The ransoming of the first-born is another obligation of the father, and it is fulfilled by Joseph. Represented in the first-born is the people of the covenant, ransomed from slavery in order to belong to God. Here too, Jesus—who is the true "price" of ransom (cf. 1 Cor 6:20; 7:23; 1 Pt 1:19)— not only "fulfills" the Old Testament rite, but at the same time transcends it, since he is not a subject to be redeemed, but the very author of redemption.
The gospel writer notes that "his father and his mother marveled at what was said about him" (Lk 2:23), in particular at what Simeon said in his canticle to God, when he referred to Jesus as the "salvation which you have prepared in the presence of all peoples, a light for revelation to the Gentiles, and for glory to your people Israel" and as a "sign that is spoken against" (cf. Lk 2:30-34).
14. After the presentation in the Temple the Evangelist Luke notes: "And when they had performed everything according to the law of the Lord, they returned into Galilee, to their own city, Nazareth. And the child grew and became strong, filled with wisdom; and the favor of God was upon him" (Lk 2:39-40).
But according to Matthew's text, a very important event took place before the return to Galilee, an event in which divine providence once again had recourse to Joseph. We read: "Now when [the magi] had departed, behold, an angel of the Lord appeared to Joseph in a dream and said, 'Rise, take the child and his mother, and flee to Egypt, and remain there till I tell you; for Herod is about to search for the child, to destroy him'" (Mt 2:13). Herod learned from the magi who came from the East about the birth of the "king of the Jews" (Mt 2:2). And when the magi departed, he "sent and killed all the male children in Bethlehem and in all that region who were two years old or under" (Mt 2:16). By killing them all, he wished to kill the new-born "king of the Jews" whom he had heard about. And so, Joseph, having been warned in a dream, "took the child and his mother by night, and departed to Egypt, and remained there until the death of Herod. This was to fulfill what the Lord had spoken by the prophet, 'Out of Egypt have I called my son'" (Mt 2:14-15; cf. Hos 11:1).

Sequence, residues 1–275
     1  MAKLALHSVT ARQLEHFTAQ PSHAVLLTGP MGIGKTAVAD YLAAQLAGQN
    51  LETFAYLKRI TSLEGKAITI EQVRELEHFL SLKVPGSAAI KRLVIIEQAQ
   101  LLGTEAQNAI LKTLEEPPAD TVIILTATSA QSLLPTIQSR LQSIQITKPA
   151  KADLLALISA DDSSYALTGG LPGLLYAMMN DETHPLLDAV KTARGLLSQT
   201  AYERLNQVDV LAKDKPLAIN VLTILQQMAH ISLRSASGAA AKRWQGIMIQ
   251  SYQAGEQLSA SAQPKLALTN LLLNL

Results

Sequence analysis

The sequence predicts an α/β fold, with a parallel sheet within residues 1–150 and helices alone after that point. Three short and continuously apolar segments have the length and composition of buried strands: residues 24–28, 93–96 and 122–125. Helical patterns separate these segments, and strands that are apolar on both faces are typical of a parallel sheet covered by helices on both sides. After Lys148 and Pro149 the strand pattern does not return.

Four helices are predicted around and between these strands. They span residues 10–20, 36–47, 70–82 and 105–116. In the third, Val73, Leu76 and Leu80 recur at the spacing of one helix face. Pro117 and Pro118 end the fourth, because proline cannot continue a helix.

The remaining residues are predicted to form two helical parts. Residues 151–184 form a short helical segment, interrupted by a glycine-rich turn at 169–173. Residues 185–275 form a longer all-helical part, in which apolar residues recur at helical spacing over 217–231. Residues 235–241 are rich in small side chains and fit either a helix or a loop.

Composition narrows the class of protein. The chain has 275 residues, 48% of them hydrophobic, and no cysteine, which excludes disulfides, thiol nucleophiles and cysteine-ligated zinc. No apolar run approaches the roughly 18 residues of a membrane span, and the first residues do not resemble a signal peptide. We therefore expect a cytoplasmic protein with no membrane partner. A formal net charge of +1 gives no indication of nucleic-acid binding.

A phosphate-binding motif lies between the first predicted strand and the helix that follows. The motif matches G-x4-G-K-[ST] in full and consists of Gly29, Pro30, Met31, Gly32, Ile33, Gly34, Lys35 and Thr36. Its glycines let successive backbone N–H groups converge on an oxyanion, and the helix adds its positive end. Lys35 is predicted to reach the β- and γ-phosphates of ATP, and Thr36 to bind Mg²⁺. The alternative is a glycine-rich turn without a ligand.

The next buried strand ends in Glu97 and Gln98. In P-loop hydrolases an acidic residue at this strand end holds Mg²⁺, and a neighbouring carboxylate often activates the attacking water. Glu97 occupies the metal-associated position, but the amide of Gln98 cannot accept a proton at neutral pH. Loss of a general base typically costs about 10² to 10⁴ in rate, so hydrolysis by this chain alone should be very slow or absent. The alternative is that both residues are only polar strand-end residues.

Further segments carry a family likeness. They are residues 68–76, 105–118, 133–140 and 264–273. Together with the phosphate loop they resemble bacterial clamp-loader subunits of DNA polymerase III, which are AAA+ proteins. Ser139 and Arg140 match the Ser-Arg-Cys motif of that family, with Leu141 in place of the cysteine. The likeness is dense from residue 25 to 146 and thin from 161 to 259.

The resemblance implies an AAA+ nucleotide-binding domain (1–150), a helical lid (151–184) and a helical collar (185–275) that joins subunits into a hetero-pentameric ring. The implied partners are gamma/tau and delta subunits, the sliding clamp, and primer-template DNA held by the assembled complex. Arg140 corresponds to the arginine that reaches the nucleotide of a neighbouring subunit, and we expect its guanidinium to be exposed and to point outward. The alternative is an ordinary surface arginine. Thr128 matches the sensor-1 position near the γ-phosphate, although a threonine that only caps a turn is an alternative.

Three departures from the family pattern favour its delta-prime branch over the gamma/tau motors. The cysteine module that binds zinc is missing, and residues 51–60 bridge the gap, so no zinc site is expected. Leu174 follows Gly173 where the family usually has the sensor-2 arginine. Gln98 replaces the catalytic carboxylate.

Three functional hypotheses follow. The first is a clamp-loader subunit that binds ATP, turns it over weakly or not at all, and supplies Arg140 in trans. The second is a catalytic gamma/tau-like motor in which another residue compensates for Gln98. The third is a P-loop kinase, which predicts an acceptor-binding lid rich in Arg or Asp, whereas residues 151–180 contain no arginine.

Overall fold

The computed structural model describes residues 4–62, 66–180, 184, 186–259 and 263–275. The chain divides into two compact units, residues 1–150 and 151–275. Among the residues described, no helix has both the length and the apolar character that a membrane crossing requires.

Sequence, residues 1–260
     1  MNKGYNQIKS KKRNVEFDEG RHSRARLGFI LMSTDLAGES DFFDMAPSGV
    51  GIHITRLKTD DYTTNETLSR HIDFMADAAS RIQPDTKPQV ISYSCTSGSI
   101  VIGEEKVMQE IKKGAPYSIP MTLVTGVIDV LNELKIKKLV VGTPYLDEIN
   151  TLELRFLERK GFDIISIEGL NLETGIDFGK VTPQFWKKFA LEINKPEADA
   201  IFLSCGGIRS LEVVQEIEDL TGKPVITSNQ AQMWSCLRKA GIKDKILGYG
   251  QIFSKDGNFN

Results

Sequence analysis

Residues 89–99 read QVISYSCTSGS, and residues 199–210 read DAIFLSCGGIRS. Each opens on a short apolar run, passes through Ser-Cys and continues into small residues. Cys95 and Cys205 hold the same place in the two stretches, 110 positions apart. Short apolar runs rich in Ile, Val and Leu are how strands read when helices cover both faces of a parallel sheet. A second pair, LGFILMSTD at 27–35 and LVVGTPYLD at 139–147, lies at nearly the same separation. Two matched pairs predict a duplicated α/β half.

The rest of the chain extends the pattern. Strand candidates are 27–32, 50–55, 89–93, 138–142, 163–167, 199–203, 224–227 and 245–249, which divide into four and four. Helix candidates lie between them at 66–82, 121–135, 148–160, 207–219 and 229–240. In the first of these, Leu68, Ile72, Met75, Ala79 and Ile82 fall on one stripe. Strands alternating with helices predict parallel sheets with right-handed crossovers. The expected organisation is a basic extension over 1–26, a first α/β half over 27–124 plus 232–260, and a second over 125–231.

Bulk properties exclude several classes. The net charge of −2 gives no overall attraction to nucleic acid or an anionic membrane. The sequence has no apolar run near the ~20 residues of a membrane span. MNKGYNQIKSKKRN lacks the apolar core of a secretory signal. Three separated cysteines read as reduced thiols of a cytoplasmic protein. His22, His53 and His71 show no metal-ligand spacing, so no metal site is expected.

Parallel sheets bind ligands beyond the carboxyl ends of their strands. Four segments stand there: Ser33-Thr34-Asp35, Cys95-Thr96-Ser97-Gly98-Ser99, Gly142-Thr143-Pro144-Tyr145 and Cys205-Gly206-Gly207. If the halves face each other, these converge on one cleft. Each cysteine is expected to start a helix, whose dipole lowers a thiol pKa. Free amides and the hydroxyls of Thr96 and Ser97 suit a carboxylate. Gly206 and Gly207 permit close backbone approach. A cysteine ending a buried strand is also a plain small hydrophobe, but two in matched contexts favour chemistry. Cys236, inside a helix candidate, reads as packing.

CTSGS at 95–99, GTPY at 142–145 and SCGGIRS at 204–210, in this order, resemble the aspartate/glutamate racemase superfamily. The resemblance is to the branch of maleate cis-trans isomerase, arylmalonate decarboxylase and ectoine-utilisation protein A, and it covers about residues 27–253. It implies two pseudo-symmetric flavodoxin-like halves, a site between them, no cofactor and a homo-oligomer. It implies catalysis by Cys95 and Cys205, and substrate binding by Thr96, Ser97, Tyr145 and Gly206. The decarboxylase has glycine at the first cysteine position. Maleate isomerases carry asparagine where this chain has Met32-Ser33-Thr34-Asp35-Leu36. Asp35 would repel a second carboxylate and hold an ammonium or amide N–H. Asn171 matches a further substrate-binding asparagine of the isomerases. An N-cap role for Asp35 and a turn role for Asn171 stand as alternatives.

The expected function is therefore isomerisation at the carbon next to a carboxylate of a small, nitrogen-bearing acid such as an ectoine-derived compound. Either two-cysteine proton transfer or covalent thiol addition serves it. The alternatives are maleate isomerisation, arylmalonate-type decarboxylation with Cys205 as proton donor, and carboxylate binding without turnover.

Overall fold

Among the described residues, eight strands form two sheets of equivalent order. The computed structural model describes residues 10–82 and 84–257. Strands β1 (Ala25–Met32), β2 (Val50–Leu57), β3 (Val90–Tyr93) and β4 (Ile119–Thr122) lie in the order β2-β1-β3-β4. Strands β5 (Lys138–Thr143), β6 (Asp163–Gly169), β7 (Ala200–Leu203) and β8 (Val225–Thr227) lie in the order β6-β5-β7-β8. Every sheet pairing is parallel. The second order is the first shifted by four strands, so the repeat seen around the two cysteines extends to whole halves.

And so Jesus' way back to Nazareth from Bethlehem passed through Egypt. Just as Israel had followed the path of the exodus "from the condition of slavery" in order to begin the Old Covenant, so Joseph, guardian and cooperator in the providential mystery of God, even in exile watched over the one who brings about the New Covenant.
15. From the time of the Annunciation, both Joseph and Mary found themselves, in a certain sense, at the heart of the mystery hidden for ages in the mind of God, a mystery which had taken on flesh: "The Word became flesh and dwelt among us" (Jn 1:14). He dwelt among men, within the surroundings of the Holy Family of Nazareth—one of many families in this small town in Galilee, one of the many families of the land of Israel. There Jesus "grew and became strong, filled with wisdom; and the favor of God was upon him" (Lk 2:40). The Gospels summarize in a few words the long period of the "hidden" life, during which Jesus prepared himself for his messianic mission. Only one episode from this "hidden time" is described in the Gospel of Luke: the Passover in Jerusalem when Jesus was twelve years old. Together with Mary and Joseph, Jesus took part in the feast as a young pilgrim. "And when the feast was ended, as they were returning, the boy Jesus stayed behind in Jerusalem. His parents did not know it" (Lk 2:43). After a day's journey, they noticed his absence and began to search "among their kinsfolk and acquaintances." "After three days they found him in the temple, sitting among the teachers, listening to them and asking them questions; and all who heard him were amazed at his understanding and his answers" (Lk 2:47). Mary asked: "Son, why have you treated us so? Behold, your father and I have been looking for you anxiously" (Lk 2:48). The answer Jesus gave was such that "they did not understand the saying which he spoke to them." He had said, "How is it that you sought me? Did you not know that I must be in my Father's house?" (Lk 2:49-50)